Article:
Pretend play is vital for the development of social skills and learning. Research shows that pretend play is crucial to language and narrative skills in young children.
Pretend play is vital for social skills and learning
Did you know that pretend play is vital for the development of social skills and learning? Research shows that pretend play is crucial to language and narrative skills in young children. Narrative skills include being able to describe things, to tell events in order, and to retell stories. Narrative enables children to problem solve properly, make predictions about what is going to happen next and to understand how to make a story. Pretend play is also important for developing friendships, emotional regulation, self-organisation, reasoning skills and creativity.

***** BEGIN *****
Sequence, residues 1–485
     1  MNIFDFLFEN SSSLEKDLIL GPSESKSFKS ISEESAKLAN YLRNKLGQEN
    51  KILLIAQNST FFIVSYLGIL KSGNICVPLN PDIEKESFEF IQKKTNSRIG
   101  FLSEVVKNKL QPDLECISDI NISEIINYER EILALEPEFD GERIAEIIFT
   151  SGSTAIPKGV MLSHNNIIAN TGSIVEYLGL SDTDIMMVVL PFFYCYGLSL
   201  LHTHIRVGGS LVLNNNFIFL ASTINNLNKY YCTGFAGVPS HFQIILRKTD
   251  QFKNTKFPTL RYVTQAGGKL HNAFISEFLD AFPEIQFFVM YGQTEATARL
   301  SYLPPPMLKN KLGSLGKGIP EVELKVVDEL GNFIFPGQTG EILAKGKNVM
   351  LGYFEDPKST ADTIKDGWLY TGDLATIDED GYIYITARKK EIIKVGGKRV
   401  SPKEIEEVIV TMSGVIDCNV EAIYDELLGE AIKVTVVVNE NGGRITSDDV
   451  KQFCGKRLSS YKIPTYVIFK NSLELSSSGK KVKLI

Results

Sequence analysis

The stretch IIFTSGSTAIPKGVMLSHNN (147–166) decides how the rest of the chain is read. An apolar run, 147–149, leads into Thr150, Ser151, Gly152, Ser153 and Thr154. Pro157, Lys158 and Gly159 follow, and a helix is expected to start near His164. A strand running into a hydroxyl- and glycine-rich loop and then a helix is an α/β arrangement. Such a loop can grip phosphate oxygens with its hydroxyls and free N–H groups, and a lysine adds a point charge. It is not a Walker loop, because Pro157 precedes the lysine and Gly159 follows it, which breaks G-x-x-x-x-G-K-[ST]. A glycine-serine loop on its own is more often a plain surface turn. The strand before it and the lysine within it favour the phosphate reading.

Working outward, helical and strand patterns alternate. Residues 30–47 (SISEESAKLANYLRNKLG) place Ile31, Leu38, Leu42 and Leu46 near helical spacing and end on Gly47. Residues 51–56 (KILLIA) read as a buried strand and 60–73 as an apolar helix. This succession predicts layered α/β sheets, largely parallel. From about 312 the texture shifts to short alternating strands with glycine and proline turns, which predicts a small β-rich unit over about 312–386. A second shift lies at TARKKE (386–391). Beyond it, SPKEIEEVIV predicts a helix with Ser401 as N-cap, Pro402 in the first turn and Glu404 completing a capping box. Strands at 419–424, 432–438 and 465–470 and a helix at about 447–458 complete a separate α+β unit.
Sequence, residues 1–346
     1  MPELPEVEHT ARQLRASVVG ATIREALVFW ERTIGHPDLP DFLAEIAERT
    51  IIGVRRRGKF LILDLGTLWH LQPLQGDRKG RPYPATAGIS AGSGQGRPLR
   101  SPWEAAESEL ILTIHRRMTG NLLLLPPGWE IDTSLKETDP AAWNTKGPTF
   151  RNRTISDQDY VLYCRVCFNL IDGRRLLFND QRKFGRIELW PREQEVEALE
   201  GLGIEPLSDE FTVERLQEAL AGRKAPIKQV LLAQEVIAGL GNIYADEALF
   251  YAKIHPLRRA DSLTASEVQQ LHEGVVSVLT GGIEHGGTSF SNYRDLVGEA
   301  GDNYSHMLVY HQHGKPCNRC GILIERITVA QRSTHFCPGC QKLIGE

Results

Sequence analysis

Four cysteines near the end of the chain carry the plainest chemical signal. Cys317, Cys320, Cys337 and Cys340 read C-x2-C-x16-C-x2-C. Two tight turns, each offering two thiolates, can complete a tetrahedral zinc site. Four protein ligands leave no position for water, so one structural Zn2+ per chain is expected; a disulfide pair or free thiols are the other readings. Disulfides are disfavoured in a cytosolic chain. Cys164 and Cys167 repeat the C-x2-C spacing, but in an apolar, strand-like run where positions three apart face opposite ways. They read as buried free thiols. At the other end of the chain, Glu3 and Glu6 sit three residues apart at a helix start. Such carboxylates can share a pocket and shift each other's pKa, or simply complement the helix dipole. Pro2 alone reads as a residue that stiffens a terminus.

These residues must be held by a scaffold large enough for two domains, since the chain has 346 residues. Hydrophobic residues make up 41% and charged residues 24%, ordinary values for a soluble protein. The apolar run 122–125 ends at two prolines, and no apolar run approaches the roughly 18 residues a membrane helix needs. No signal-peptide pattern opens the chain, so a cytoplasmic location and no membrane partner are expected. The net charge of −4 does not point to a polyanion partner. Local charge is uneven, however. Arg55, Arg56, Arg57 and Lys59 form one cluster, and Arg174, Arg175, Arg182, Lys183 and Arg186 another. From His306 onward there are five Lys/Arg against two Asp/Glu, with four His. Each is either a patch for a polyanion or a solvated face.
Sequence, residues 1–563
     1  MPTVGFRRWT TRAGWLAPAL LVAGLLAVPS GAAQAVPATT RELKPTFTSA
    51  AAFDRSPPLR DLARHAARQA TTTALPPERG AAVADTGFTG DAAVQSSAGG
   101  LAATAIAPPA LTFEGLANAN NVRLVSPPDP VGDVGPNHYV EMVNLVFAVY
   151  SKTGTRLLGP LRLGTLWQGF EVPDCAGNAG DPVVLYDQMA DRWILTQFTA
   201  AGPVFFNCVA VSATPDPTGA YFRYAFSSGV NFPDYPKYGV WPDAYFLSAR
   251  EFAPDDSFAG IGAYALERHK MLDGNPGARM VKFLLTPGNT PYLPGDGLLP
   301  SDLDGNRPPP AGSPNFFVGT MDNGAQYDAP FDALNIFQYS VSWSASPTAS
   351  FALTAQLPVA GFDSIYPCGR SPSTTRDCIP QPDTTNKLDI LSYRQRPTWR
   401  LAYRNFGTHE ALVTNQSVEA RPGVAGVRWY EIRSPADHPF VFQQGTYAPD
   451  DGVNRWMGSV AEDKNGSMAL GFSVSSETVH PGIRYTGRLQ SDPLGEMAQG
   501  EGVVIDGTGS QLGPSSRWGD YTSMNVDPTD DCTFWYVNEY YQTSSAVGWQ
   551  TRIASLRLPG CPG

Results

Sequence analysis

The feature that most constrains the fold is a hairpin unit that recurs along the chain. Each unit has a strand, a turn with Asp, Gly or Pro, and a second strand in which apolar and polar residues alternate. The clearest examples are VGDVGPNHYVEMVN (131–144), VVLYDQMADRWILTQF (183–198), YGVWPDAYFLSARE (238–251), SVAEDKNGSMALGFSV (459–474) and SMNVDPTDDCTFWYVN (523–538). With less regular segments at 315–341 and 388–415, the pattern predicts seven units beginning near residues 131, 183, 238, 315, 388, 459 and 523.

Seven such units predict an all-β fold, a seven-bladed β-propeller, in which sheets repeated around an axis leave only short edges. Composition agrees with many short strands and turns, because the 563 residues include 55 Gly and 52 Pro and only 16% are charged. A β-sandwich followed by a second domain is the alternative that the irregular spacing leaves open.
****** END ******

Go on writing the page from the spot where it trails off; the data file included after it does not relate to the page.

Pretend play helps to develop a child's fine motor skills
Why are fine motor skills important? Fine motor skills involve the use of small muscles in our hands, wrists, fingers, feet and toes. They include actions like grasping, holding, pressing, or using a pincer grip (holding something between the fore-finger and thumb).
Fine motor skills are vital for doing everyday activities like buttoning up a shirt, using utensils to eat, tying shoelaces, cutting with scissors and writing. As adults, we use fine motor skills so often in our daily lives that it’s easy to take them for granted.